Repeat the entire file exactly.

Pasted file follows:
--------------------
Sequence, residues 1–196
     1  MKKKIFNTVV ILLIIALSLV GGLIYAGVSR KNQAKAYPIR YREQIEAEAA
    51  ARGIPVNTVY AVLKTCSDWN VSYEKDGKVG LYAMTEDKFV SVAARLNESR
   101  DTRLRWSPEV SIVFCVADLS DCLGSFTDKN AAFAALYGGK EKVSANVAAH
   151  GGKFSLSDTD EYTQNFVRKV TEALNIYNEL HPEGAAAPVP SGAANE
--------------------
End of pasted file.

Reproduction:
Sequence, residues 1–196
     1  MKKKIFNTVV ILLIIALSLV GGLIYAGVSR KNQAKAYPIR YREQIEAEAA
    51  ARGIPVNTVY AVLKTCSDWN VSYEKDGKVG LYAMTEDKFV SVAARLNESR
   101  DTRLRWSPEV SIVFCVADLS DCLGSFTDKN AAFAALYGGK EKVSANVAAH
   151  GGKFSLSDTD EYTQNFVRKV TEALNIYNEL HPEGAAAPVP SGAANE